Moray has been named one of Scotland’s least family-friendly regions of Scotland.
A survey carried out by the Family and Childcare Trust ranked it a lowly 22nd out of the 32 local authority areas when it comes to offering families a decent life.
The research places the region the worst in the country when it comes to average salary linking it to adults “lacking in higher education qualifications”. The researchers also scores it dismally in other key areas.
But last night Moray Council dismissed the study and complained that crucial details were omitted.
The report said: “Median wages are low in this rural local authority and many adults lack higher level qualifications.
“Additionally, adults often work long hours or at weekends.”
A council spokesman however rubbished the study’s research into the income of residents as misleading – as it fails to include military wages.
He said: “Whilst this survey offers an important snapshot of certain trends, it uses very specific indicators which can affect the ranking of Moray compared to other council areas.
“The average salary figure quoted does not include data from Ministry of Defence personnel, which is estimated to be worth £75million to the local economy.”
The study analysed 26 different sets of statistics relating to wellbeing, income and poverty, education, employment, public services, housing and infrastructure.
Neighbouring local authorities all scored higher marks than Moray, with Aberdeenshire ranked as the fifth most family friendly area in Scotland.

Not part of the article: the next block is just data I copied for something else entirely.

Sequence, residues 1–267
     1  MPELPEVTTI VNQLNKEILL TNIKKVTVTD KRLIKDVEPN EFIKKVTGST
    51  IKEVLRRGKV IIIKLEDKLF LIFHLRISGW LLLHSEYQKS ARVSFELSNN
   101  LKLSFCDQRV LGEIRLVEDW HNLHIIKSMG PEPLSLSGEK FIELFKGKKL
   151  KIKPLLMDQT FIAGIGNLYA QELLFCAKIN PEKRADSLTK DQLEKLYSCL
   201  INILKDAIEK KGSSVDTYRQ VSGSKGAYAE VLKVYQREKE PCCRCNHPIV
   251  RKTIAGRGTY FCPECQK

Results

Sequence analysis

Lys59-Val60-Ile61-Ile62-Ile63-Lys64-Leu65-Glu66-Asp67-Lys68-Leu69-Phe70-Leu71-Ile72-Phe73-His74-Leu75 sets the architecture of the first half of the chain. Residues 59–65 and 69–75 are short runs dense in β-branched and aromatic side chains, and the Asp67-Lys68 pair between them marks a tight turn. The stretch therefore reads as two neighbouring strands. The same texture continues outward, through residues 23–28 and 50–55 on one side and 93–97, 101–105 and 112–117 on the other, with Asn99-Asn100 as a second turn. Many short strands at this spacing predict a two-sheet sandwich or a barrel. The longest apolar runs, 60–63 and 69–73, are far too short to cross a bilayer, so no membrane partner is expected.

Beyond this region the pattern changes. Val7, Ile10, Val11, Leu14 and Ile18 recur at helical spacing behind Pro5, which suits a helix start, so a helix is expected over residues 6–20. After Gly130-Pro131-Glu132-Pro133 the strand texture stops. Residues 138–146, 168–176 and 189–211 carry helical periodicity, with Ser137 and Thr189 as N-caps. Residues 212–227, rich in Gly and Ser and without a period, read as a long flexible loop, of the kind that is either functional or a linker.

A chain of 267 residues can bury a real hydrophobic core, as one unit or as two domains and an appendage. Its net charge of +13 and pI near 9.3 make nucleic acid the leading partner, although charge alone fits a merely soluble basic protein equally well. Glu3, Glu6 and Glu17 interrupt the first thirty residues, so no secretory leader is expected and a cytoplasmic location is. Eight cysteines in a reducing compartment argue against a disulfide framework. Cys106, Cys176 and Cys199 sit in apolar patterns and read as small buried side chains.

The disputed income figures showed that the average Moray household brings home only £335.80 each week – compared to a Scottish mean of £413.50.
Moray’s ongoing teaching struggles also featured, as the region was placed second bottom in terms of youngsters having access to qualified early years teachers.
Experts reckon that only 14.1% of young children in the region are being taught to an adequate standard.
Moray also scored lowest in authority expenditure on cultural and leisure provision, with £83.40 spent per head of population.
However, the council said the results did not fairly represent its contributions by excluding the value of awarded grants.
Conversely, Moray secured top place in the sports category – with 48% of adults exercising at least once a week.
A council spokesman added: “Parents bringing up children in the area already know that Moray is one of the safest, most family-friendly areas in Scotland, both in terms of low crime and the personal safety of its population.”
The top-ranked Scottish authority was East Dunbartonshire, while Glasgow scored the lowest marks.